CTLs play a critical role in fighting chronic virus infection and cancers. Despite the tremendous efforts spent so far, generating potent and highly effective CTLs remain a major roadblock for disease control (prevention and therapies). Activation of CTLs requires different stimuli and is influenced by different disease conditions. In this special issue, several papers investigated functions of cytokines, such as IL-15 and IL-6, in activation of CTLs. Several papers are focusing on the therapeutic effects of CTLs in different cancers using novel approaches targeting tumor-specific CTLs. In addition, potential markers and mechanisms for rapid progression of AIDS are suggested using SIV model.

In the first paper entitled “IL-6 production by dendritic cells is dispensable for   memory T-cell generation,” Daudelin et al. describe a new observation that IL-6 is not required in APC vaccination.

In the second paper entitled “What is recent in pancreatic cancer immunotherapy?” Niccolai et al. summarize the current immunotherapy of pancreatic cancer targeting cancer-associated antigens.

In the third paper entitled “MUC1-specific cytotoxic T lymphocytes in cancer therapy: induction and challenge,” Roulois et al. review current knowledge regarding MUC1 as a potential target tumor therapeutic vaccines.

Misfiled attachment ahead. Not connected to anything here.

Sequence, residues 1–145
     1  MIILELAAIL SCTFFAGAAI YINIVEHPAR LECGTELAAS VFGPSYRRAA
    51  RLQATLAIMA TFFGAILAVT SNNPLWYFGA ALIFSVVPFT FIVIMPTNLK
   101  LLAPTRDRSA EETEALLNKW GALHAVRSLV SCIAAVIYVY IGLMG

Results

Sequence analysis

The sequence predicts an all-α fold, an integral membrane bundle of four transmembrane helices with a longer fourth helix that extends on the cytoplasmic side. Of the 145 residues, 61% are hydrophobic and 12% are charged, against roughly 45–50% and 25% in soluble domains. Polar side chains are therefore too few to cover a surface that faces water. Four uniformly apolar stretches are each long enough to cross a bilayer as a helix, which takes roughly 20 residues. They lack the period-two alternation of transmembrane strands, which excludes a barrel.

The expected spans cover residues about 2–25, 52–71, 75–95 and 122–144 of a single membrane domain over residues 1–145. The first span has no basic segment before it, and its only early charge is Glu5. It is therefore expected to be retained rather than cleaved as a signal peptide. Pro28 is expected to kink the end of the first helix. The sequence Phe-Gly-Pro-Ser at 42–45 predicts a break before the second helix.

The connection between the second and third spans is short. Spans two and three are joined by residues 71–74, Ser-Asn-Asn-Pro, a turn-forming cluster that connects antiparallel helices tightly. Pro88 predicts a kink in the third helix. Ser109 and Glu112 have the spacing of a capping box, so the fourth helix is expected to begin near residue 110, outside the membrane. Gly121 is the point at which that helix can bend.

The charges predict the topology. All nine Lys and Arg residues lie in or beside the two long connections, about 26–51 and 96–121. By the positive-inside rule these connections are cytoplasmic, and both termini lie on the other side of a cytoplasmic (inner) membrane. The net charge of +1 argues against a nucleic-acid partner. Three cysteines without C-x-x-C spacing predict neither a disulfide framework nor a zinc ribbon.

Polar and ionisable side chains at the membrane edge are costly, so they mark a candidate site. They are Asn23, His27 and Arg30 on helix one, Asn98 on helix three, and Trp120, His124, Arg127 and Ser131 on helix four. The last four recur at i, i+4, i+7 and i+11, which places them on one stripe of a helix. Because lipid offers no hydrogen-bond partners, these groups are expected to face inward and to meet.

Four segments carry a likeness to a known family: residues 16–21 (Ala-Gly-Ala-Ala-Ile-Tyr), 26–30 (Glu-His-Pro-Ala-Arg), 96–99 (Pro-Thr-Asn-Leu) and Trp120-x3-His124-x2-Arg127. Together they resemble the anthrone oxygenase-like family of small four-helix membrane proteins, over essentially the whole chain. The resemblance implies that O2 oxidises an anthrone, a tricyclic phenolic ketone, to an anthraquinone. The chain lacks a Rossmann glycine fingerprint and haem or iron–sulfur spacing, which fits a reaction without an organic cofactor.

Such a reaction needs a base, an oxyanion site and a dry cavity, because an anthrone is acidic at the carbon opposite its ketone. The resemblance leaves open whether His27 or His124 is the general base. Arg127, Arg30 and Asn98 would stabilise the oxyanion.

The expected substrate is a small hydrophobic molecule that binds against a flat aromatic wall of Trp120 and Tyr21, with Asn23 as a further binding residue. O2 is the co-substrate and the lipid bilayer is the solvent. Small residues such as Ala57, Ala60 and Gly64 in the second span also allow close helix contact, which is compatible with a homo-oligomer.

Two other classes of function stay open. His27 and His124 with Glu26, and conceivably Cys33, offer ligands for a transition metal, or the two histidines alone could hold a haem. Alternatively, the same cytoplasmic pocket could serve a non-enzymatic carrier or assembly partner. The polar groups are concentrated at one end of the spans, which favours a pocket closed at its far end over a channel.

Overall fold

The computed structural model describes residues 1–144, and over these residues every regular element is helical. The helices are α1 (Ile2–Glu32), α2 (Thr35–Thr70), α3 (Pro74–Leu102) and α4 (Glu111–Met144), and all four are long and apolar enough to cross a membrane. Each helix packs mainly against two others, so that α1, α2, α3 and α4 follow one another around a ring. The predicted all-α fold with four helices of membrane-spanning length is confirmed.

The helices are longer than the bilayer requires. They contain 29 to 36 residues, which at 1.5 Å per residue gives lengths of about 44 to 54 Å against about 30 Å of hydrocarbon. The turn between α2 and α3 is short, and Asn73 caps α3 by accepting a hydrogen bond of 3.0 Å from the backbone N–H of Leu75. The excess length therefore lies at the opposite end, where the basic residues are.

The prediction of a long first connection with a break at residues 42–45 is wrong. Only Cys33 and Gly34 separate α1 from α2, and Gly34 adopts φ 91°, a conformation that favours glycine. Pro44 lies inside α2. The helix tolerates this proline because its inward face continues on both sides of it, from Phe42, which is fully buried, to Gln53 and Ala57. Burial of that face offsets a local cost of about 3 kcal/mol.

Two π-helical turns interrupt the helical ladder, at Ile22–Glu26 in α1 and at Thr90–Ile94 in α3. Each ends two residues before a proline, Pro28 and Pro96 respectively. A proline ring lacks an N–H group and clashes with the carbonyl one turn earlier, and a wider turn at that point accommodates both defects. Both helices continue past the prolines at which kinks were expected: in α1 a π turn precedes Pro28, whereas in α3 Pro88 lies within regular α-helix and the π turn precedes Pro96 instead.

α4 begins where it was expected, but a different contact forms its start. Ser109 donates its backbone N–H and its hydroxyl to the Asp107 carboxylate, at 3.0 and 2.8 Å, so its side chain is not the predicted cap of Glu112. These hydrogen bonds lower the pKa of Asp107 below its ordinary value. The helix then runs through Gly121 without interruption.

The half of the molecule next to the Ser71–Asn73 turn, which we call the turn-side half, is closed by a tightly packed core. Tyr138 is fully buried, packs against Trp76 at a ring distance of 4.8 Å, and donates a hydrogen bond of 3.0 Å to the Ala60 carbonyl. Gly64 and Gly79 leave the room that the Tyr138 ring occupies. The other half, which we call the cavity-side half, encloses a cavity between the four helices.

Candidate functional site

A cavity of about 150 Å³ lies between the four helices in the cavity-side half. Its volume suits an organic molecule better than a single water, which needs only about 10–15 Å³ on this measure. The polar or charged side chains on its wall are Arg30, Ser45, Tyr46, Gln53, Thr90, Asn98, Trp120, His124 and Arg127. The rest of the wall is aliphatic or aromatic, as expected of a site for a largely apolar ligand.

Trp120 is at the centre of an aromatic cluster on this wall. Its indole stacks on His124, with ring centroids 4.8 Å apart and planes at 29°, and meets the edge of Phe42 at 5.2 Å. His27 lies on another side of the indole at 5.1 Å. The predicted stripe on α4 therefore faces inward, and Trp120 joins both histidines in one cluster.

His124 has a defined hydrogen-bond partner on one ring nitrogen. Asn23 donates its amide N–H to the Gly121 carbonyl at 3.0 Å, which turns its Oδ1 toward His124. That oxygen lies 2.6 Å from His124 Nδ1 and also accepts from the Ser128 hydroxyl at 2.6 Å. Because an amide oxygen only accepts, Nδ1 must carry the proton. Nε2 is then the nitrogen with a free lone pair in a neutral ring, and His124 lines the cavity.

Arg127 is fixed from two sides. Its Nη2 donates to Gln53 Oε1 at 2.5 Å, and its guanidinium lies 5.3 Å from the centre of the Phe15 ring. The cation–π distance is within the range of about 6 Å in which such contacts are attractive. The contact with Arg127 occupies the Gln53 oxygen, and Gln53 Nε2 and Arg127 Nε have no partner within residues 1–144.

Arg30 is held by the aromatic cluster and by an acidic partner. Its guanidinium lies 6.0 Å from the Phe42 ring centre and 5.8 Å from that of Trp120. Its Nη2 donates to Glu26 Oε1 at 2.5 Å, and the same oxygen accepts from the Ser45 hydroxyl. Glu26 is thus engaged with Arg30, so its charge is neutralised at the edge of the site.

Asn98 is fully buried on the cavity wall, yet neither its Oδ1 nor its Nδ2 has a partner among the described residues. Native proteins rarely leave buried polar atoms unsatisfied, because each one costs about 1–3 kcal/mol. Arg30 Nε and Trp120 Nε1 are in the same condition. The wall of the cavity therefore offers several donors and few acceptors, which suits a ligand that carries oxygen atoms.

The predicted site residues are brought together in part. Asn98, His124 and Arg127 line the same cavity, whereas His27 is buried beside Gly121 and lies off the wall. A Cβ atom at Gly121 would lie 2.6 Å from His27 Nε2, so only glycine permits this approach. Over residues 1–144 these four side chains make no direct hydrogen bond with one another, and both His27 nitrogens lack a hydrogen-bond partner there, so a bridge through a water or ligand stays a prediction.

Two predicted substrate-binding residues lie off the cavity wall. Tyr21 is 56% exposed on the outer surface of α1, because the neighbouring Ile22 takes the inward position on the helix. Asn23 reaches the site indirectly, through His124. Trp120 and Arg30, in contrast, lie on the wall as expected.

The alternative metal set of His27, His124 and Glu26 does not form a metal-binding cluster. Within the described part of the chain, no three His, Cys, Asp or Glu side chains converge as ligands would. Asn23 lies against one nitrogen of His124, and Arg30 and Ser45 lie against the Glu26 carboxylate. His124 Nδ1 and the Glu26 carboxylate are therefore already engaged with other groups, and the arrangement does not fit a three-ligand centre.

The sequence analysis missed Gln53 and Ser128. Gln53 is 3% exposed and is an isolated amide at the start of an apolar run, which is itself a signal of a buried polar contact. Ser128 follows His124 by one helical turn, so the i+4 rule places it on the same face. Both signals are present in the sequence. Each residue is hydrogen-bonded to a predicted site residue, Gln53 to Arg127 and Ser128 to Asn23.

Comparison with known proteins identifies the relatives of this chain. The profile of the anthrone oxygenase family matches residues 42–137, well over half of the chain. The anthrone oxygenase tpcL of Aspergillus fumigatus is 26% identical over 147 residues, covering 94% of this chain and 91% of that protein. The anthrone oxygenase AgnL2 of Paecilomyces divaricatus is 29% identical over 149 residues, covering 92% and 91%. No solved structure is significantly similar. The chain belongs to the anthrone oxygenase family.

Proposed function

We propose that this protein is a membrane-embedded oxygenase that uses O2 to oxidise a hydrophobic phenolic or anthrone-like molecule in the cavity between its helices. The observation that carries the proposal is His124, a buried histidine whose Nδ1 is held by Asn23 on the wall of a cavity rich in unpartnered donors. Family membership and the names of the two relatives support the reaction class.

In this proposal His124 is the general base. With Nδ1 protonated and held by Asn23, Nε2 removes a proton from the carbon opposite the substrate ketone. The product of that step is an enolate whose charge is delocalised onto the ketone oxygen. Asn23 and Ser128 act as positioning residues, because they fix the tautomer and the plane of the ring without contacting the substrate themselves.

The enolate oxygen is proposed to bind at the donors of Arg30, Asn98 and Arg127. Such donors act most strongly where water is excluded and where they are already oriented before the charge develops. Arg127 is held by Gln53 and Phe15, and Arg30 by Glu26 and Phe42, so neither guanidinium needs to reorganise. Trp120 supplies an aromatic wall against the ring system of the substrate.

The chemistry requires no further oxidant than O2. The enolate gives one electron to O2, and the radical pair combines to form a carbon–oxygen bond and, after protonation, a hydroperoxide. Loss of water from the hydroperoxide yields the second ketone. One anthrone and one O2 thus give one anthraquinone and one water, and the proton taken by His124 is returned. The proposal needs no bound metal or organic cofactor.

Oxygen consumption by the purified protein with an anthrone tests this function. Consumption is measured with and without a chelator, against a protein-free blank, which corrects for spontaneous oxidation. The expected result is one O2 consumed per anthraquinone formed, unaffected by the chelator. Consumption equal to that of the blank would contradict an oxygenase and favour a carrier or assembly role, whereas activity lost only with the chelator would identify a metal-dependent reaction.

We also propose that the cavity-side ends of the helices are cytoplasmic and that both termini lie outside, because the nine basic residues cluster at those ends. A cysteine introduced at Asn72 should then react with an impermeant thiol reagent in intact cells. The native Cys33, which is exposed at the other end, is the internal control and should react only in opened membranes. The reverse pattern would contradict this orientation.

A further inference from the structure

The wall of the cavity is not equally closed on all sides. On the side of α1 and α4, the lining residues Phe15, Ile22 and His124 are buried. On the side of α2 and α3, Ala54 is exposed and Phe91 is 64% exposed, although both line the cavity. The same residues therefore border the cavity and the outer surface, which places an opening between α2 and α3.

In the fourth paper entitled “Characterization of T cell responses in the peripheral blood and skin injection sites of melanoma patients treated with mRNA electroporated autologous dendritic cells (TriMixDC-MEL),” Benteyn et al. report that functional TAA-specific T cells are detected in both the skin and the peripheral blood after TriMixDC-MEL therapy.

In the fifth paper entitled “CpG and interleukin-15 synergize to enhance IFN-production by activated T cells,” Cobb et al. present evidence that IL-15 synergizes with CpG in the induction of IFN-γ in activated T cells, expanding our understanding about the function of IL-15.

In the sixth paper entitled “Increased Toll-like receptor signaling pathways characterize cells in rapidly progressive SIV infection,” Marcondes et al. suggest that TLR overexpression may indicate ineffective T-cell response in rapid progression in HIV infection.

We thank all of the authors for their great contributions to this special issue and appreciate their patience in processing their manuscripts. We also want to thank all of the reviewers who went through the manuscripts multiple times, providing insightful suggestions. We really hope this special issue will continue to thrive as a timely communication platform for basic and translational research on CTLs.

Zhengguo Xiao
Kim Klonowski
Hanchun Yang
Julie Curtsinger